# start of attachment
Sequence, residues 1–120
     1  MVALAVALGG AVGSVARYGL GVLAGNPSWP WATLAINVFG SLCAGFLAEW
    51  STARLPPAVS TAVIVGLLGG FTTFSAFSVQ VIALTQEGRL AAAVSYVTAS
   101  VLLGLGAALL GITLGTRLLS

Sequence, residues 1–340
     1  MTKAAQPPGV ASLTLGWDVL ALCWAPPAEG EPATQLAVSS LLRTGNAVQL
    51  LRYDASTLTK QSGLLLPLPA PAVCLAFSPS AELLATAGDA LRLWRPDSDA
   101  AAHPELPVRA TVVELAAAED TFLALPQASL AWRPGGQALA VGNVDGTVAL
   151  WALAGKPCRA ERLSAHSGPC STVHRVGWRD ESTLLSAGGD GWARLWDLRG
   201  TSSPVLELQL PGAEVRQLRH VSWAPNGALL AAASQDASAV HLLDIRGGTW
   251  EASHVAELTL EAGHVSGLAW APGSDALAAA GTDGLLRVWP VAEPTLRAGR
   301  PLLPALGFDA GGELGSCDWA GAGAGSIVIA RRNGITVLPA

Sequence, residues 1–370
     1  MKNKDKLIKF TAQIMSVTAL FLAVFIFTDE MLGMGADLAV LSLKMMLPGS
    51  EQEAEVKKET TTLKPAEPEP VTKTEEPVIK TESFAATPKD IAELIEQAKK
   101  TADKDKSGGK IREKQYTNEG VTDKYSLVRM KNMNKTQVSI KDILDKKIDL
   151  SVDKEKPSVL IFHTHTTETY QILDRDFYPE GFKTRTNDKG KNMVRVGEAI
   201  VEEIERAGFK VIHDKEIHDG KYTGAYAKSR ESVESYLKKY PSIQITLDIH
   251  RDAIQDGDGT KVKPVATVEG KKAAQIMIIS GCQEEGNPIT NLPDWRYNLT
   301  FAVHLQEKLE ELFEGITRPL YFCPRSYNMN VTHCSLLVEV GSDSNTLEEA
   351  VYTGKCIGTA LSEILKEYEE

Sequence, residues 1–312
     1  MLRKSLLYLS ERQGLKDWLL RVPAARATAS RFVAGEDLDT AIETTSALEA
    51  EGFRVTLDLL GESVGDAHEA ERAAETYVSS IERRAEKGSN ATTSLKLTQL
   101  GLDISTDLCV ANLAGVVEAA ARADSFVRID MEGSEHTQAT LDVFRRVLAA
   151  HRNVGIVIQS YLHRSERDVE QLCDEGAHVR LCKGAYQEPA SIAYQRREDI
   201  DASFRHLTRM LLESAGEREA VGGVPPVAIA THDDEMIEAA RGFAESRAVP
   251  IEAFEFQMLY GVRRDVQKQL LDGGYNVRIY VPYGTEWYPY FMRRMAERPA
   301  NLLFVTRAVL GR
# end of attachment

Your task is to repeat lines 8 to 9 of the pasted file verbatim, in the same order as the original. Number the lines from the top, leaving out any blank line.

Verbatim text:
   101  AAHPELPVRA TVVELAAAED TFLALPQASL AWRPGGQALA VGNVDGTVAL
   151  WALAGKPCRA ERLSAHSGPC STVHRVGWRD ESTLLSAGGD GWARLWDLRG